Trick #3 – Store Any Data with AnyData

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Today’s (well, yesterday’s really) trick deals with the storage of data. Let me first say that the methods I’m about to show you are NOT useful for where clauses or in normal database design. However, they can be very useful when you need a reference table that can store anything in a simple column.

For instance, take a look at Google. Google is an amazing search engine, capable of parsing billions of sites and enabling fast searching of the data it harvests.

In addition, Google is able to parse prices, mileage, dates, and other important elements, then use them as they were meant to be used; for instance, using a price to power Froogle’s bargain hunting tool.

If we were trying to duplicate the same concept into Oracle, we’d somehow need to create a table with an ID and a token, the token being the word that was parsed out of a complete document. However, what if we want that column to be able to store numbers, characters, dates…and we want them to act natively?

Enter ANYDATA. ANYDATA is a “self describing data instance type.” All this truly means is that the type not only holds a value, but it also holds its own datatype within. It also employs many methods that allow us to perform various functions with it.

So, back to our parser! We’ll start off with a very simple table:

Now we must populate the table, but normal inserts unfortunately wont work. We must use ANYDATA’s built-in Convert methods to perform our inserts. We’ll use the phrase “Make 50 dollars on 12/01/06”

And now we have data! Let’s query it and see what it looks like.

Oops! That’s not how we want our data to look. Unfortunately, Oracle is not yet sophisticated enough to understand which data type it is querying. Because of this, we have to make a function.

Notice that we used the ANYDATA methods again, but this time with getVarchar2, getNumber, and getDate. Finally, let’s go ahead and query the table using the function we created.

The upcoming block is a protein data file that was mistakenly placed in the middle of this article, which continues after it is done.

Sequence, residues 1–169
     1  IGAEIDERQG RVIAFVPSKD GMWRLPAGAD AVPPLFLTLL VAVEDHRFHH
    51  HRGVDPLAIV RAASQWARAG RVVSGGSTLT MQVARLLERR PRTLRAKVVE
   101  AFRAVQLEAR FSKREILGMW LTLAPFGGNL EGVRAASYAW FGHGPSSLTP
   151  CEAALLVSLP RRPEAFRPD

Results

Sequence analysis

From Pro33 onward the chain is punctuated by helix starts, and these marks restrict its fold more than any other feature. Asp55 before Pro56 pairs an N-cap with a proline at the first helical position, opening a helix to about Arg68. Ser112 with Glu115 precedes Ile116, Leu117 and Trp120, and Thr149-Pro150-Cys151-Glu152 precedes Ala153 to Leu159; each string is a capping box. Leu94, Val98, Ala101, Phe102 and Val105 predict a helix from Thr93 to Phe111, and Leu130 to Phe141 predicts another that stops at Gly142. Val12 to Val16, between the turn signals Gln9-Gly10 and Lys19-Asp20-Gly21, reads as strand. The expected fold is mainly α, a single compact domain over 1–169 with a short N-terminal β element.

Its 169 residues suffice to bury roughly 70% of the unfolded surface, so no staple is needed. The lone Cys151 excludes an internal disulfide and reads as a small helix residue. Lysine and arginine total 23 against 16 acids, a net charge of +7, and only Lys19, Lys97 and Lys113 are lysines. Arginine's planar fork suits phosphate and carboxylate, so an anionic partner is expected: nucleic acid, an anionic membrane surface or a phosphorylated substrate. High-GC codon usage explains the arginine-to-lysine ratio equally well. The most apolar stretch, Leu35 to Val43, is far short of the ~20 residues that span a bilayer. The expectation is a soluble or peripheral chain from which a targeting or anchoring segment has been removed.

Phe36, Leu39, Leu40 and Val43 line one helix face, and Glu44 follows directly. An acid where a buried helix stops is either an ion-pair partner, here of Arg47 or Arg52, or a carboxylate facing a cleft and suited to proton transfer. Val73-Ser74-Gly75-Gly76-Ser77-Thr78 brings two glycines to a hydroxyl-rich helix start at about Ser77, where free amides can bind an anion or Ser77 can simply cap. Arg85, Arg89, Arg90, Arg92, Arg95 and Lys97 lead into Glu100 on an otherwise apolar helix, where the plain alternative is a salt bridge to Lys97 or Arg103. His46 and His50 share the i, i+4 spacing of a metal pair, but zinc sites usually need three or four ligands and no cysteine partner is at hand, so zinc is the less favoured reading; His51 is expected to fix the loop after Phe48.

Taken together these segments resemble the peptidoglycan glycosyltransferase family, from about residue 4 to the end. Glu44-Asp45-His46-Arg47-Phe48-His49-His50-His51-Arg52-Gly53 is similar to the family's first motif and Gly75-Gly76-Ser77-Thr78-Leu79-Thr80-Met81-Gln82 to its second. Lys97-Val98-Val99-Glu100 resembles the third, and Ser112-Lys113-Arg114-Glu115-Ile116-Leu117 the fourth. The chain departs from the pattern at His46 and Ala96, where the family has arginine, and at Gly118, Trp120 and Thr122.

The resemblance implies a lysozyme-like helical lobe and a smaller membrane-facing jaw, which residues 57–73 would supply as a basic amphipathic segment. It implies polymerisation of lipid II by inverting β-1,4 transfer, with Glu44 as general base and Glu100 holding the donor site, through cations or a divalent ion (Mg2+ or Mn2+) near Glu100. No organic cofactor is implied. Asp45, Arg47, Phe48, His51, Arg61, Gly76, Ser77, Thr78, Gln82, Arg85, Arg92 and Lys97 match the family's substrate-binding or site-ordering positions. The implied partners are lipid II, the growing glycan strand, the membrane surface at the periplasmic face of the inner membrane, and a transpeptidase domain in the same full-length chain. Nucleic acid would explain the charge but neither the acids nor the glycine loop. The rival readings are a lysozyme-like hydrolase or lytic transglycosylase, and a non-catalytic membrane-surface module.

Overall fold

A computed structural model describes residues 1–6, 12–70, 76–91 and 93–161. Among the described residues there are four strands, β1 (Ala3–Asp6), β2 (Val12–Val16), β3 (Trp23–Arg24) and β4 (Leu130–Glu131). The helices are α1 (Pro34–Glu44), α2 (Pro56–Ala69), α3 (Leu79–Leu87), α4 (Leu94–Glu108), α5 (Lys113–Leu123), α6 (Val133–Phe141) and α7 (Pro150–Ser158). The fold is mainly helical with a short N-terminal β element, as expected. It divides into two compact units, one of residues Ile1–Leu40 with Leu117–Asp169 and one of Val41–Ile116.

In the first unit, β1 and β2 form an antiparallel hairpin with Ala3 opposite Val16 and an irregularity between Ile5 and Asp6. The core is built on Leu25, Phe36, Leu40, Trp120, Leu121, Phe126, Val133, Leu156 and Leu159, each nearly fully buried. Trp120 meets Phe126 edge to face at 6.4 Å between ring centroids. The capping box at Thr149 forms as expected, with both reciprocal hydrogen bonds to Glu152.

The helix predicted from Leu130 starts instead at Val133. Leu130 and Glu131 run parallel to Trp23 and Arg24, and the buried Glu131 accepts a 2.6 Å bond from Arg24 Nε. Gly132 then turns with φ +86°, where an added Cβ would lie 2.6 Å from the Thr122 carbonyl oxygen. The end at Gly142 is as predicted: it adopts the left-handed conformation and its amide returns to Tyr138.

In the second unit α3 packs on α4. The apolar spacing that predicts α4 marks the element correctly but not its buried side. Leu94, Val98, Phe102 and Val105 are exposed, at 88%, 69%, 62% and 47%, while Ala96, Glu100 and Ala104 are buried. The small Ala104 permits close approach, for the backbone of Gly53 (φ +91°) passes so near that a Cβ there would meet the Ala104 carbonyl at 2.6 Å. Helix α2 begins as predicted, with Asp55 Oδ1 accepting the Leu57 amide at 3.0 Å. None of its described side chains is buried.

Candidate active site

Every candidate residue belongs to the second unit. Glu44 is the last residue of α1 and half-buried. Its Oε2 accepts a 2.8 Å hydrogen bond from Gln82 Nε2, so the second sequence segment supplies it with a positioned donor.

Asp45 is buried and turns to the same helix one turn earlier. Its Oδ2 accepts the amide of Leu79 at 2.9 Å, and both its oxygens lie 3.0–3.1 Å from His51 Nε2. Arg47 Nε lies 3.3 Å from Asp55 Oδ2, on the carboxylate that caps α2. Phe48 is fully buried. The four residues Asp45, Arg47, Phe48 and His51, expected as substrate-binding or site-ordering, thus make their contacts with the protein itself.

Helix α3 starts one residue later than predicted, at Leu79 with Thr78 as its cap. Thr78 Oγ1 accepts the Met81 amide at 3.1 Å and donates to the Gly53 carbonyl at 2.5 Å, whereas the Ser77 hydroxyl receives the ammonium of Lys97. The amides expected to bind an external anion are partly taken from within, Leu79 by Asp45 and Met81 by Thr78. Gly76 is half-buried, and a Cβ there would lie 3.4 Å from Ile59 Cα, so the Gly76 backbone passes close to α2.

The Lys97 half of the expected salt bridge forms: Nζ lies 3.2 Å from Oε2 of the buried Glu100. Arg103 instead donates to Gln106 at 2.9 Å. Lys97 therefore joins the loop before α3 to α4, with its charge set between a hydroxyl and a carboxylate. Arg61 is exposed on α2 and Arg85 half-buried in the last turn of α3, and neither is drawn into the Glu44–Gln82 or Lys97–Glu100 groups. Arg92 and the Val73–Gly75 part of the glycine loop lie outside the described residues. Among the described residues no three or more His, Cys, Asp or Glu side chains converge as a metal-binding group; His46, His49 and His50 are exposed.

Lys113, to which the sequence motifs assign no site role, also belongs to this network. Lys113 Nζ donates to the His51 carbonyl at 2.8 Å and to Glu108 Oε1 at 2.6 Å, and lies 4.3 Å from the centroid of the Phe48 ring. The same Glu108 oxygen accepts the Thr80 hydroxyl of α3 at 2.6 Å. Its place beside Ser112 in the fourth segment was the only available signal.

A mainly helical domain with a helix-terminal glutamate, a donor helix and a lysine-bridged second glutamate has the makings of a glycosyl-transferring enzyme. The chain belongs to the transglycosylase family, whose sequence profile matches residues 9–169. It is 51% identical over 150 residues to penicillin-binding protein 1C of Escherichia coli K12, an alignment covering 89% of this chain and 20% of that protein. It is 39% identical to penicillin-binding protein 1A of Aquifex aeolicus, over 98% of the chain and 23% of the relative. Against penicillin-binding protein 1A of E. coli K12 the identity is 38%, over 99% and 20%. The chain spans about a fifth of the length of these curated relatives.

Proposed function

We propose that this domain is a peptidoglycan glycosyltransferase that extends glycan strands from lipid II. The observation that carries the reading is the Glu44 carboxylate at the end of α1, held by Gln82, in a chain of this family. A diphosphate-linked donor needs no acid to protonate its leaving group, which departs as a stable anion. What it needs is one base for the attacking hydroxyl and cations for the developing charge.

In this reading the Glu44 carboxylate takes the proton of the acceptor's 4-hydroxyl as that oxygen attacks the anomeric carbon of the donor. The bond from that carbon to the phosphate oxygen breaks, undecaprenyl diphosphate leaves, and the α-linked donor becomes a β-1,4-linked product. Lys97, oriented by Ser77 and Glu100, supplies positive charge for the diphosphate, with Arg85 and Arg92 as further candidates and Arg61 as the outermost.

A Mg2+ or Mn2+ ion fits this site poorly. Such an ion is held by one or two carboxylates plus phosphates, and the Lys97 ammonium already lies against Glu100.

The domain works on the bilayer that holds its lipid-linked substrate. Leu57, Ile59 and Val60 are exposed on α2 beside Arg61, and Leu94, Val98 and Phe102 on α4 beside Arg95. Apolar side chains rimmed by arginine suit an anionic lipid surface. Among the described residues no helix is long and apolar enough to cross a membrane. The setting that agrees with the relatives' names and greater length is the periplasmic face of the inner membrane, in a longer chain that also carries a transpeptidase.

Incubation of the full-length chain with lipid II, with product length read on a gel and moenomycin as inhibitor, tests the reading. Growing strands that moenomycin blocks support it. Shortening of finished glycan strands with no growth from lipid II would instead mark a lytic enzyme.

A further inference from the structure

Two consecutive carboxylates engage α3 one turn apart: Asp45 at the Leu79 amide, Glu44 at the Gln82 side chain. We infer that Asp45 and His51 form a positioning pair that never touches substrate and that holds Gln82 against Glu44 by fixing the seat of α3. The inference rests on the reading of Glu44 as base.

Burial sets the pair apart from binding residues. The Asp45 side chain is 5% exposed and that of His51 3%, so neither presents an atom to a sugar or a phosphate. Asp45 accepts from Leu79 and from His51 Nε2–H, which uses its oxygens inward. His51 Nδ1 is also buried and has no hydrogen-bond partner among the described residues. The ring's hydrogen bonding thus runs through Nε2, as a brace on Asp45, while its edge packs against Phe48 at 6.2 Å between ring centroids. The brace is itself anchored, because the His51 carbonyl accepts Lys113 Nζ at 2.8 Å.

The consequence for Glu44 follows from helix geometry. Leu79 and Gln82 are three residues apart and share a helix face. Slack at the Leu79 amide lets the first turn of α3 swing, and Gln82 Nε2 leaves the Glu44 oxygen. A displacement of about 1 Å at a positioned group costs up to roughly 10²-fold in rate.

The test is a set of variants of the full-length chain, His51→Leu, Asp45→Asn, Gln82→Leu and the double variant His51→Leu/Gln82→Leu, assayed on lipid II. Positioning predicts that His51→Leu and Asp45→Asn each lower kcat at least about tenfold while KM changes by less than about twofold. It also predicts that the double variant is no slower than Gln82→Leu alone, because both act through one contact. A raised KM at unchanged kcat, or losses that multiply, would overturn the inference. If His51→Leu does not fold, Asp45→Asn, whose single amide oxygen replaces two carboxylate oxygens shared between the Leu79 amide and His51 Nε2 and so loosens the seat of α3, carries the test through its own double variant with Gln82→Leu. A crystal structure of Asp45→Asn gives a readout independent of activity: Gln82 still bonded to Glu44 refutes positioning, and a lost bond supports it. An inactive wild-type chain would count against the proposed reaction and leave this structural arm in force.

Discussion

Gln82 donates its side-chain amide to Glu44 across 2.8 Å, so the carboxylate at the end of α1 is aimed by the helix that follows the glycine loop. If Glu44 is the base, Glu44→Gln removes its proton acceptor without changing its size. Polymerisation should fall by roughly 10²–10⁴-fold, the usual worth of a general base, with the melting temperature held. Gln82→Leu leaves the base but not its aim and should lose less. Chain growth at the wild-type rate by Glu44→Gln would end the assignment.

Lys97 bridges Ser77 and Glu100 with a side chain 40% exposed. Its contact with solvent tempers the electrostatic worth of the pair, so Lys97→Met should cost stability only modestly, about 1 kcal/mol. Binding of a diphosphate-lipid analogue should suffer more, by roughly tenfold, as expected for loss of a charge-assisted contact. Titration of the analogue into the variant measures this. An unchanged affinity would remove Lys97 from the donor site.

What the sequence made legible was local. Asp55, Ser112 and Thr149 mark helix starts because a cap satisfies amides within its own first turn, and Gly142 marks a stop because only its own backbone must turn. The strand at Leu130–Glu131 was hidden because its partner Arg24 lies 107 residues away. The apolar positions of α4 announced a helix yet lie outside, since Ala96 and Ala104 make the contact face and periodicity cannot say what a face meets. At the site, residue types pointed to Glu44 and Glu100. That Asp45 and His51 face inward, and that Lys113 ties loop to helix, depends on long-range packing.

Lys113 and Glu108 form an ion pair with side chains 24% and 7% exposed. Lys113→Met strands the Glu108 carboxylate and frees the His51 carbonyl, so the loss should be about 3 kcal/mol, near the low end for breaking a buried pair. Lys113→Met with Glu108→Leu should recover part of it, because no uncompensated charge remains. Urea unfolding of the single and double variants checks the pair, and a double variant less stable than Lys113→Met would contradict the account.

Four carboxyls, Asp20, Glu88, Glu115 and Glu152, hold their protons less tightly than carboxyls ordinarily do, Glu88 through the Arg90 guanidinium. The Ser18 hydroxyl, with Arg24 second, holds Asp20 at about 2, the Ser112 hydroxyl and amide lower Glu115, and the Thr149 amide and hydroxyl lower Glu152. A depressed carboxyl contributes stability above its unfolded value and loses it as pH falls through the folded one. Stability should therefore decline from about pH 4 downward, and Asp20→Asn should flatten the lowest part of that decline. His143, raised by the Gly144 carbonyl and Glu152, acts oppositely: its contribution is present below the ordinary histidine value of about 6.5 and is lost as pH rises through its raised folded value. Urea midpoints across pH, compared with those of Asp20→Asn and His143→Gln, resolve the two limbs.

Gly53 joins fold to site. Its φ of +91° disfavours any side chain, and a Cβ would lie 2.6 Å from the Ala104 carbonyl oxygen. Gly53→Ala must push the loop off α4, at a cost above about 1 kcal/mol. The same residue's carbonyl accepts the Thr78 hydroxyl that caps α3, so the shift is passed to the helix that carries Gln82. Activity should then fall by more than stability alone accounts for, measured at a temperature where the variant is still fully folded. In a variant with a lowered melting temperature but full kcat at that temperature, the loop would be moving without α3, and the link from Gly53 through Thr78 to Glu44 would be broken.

And we have our data! Since we have to use a function, you can see why this would not be very good in a WHERE clause. However, for storing multiple datatypes in a single table, it’s tops.

You can find more information about ANYDATA in the Database Application Developer’s Guide, and information about its methods in the PL/SQL Packages and Types Reference.

Join me next time to learn about pulling XML from the database…with any query!

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  1. Great examples, I’m just trying to think of how to use it.

    I know you said that you shouldn’t/wouldbn’t use a where clause to filter out the token column, but why can’t you do something like WHERE getTokens(TOKEN) = 50) and even have a function based index to help with the serach times?

    Also can you do something like :


    and get 100 returned?

    and from the same table :


    and get “Made” returned?


    SELECT to_char(getTokens(TOKEN)-1),’dd-MON-YY’)

    and get 31-NOV-06

    NOTE: I assume this is a 10g functionality? I gon’t have a 10g DB to test in yet, so sorry for the questions that i would have tested myself if i did.

  2. Oh i think i just answered my own geestion. I just noticed that the return value for your function is : VARCHAR2, so some may work, but probably not the date one, unless we do something like

    SELECT to_char(to_date(to_char(getTokens(TOKEN)),’dd-MON-YY’) -1, ’dd-MON-YY’), ’dd-MON-YY’)

    Just a thought, why not overload the function somehow based on the return datatype….

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